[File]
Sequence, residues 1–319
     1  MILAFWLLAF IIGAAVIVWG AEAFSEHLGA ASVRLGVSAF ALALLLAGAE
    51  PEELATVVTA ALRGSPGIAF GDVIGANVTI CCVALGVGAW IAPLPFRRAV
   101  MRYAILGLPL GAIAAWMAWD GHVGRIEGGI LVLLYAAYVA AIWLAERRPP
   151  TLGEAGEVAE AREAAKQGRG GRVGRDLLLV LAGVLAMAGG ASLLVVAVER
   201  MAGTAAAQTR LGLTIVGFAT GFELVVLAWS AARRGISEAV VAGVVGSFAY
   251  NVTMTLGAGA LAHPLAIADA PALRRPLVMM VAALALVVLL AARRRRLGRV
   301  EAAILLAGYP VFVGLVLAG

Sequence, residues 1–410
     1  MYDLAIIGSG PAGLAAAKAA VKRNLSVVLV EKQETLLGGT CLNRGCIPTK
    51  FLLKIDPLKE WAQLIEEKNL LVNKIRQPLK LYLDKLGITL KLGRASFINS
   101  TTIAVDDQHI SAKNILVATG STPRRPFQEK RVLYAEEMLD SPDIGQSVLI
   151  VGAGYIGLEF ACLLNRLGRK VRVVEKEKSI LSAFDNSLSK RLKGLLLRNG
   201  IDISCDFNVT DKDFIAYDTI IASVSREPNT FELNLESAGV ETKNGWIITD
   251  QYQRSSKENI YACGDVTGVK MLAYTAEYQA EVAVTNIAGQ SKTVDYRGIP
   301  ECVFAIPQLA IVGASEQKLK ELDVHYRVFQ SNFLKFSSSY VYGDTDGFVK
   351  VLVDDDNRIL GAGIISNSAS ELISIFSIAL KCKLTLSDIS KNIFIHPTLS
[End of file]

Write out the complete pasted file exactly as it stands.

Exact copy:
Sequence, residues 1–319
     1  MILAFWLLAF IIGAAVIVWG AEAFSEHLGA ASVRLGVSAF ALALLLAGAE
    51  PEELATVVTA ALRGSPGIAF GDVIGANVTI CCVALGVGAW IAPLPFRRAV
   101  MRYAILGLPL GAIAAWMAWD GHVGRIEGGI LVLLYAAYVA AIWLAERRPP
   151  TLGEAGEVAE AREAAKQGRG GRVGRDLLLV LAGVLAMAGG ASLLVVAVER
   201  MAGTAAAQTR LGLTIVGFAT GFELVVLAWS AARRGISEAV VAGVVGSFAY
   251  NVTMTLGAGA LAHPLAIADA PALRRPLVMM VAALALVVLL AARRRRLGRV
   301  EAAILLAGYP VFVGLVLAG

Sequence, residues 1–410
     1  MYDLAIIGSG PAGLAAAKAA VKRNLSVVLV EKQETLLGGT CLNRGCIPTK
    51  FLLKIDPLKE WAQLIEEKNL LVNKIRQPLK LYLDKLGITL KLGRASFINS
   101  TTIAVDDQHI SAKNILVATG STPRRPFQEK RVLYAEEMLD SPDIGQSVLI
   151  VGAGYIGLEF ACLLNRLGRK VRVVEKEKSI LSAFDNSLSK RLKGLLLRNG
   201  IDISCDFNVT DKDFIAYDTI IASVSREPNT FELNLESAGV ETKNGWIITD
   251  QYQRSSKENI YACGDVTGVK MLAYTAEYQA EVAVTNIAGQ SKTVDYRGIP
   301  ECVFAIPQLA IVGASEQKLK ELDVHYRVFQ SNFLKFSSSY VYGDTDGFVK
   351  VLVDDDNRIL GAGIISNSAS ELISIFSIAL KCKLTLSDIS KNIFIHPTLS